By Mark Fitton
Illinois News Network
SPRINGFIELD — Illinois Lottery players who hit a winner worth more than $600 will have to settle for a promise.
As of Thursday, retailers will still pay out winners of $600 or less from their cash registers, but winners of bigger amounts will have to wait until the state has a budget.
Put simply, the Lottery’s check-writing account is exhausted, the state agency said.
“Once a budget is passed in Springfield, all outstanding claims will be paid,” the Illinois Lottery said in written statement.
This is the second such action by the state. In late August, the Lottery said it would limit payouts to $25,000.
That action sparked a lawsuit by some winners, including factory foreman Danny Chasteen of Oglesby, who’s waiting on a $250,000 payout.
“I heard about the $600 last night,” Chasteen said Thursday. “I think it’s just totally wrong. If you buy a Lottery ticket and you win, you should get paid,” he said.
If the state can’t pay out on its winning tickets, it should halt sales until it can pay winners, he said.
With 2015 revenues exhausted and no appropriations bill in place for the current fiscal year, the state’s comptroller doesn’t have the legal authority to pay winners, the Lottery says.
Illinois Lottery spokesman Steve Rossi said the payout restriction also applies to multi-state games played in Illinois, such as Mega Millions and Powerball, because the state that sells the winning tickets is responsible for making the payouts.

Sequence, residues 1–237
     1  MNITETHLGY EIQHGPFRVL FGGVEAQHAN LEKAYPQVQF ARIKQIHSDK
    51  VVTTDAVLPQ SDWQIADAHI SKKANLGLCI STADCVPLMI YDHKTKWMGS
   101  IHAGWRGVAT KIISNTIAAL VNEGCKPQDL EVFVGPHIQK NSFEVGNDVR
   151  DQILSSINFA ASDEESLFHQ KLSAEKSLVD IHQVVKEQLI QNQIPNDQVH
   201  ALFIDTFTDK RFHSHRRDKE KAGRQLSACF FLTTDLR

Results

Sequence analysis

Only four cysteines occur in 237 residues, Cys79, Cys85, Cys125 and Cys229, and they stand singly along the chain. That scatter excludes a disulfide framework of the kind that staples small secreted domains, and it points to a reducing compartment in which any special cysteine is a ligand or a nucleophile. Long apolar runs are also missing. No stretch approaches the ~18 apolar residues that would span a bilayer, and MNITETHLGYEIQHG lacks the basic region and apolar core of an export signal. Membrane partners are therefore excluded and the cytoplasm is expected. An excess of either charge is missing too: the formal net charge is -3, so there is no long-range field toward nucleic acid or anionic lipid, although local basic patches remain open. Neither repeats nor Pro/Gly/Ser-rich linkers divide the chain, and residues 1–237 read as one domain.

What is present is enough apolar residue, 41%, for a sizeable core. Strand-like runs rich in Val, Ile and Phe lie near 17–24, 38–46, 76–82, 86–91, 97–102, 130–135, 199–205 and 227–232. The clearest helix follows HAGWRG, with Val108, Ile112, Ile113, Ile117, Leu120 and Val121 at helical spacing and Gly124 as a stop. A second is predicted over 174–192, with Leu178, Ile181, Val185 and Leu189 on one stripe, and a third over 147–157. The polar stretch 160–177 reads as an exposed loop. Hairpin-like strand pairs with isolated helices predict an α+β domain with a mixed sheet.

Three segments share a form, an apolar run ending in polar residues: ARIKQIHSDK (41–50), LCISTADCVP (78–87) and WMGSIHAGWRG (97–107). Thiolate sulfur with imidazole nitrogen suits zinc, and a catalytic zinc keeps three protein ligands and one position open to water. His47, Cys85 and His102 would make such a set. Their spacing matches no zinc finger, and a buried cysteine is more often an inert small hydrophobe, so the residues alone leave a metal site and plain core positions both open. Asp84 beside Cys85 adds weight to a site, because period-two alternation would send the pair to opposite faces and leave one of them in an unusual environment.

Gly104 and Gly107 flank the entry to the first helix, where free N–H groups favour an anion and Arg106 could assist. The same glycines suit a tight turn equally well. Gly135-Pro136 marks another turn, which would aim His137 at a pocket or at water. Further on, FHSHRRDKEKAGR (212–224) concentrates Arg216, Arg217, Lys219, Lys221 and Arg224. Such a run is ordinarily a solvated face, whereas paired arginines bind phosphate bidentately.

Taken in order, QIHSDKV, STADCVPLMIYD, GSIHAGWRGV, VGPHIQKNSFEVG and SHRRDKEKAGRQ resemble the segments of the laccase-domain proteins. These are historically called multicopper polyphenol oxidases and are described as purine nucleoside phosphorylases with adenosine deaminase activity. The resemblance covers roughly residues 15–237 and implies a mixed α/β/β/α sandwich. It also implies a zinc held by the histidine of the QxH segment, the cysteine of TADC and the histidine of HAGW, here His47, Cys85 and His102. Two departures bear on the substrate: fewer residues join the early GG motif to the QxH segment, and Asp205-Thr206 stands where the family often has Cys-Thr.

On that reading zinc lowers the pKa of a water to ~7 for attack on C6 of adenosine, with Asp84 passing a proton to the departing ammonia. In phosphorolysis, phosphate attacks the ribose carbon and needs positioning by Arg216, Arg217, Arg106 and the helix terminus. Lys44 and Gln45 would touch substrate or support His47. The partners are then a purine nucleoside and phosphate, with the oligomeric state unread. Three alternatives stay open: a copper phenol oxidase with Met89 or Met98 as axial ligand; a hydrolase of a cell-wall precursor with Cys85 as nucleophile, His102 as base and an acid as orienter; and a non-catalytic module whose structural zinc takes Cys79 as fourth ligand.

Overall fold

Elliot Frome, a Las Vegas-based gaming analyst and author, said Illinois will almost certainly see a reduction in ticket sales.
While a $25,000 limit probably hurt some games, a $600 will reach all the way down into the games that people play daily or several times per week, he said.
“Illinois is predictably going to lose some revenue during this period of time as a result,” he said.
“Lotteries are all about the money,” Frome said. “People are not going to play at the same rate for promise of payment as they are for money.”
Ben Friedrich, who was playing the Lottery in Aurora on Thursday, told Illinois News Network the $600 restriction struck him as unfair.
“If they’re still going to have the games and you’re still able to win the money, then you should be able to collect on the money,” he said.
Illinois is now in its fourth month of fiscal year 2016 without a budget as first-term Republican Gov. Bruce Rauner and legislative Democrats have been unable to reach an agreement.
Rauner says the Democrats have sent him a plan billions heavier in spending than revenue. While Rauner says he’s willing to discuss new revenue, he says he won’t sign off until he gets at least some of his agenda items, which he considers fundamental reforms.
Democrats complain Rauner and the GOP have been unwilling to work with them until the governor gets what he wants, and they don’t consider his agenda items directly related to the annual budget.
Rauner answers that his proposals are necessary to improve the state’s economy and retain jobs and population.
Even without a master budget, the state is spending at clip said to be driving it toward a $5 billion shortfall by the end of the budget year.
Illinois News Network journalist Cole Lauterbach also contributed to this report.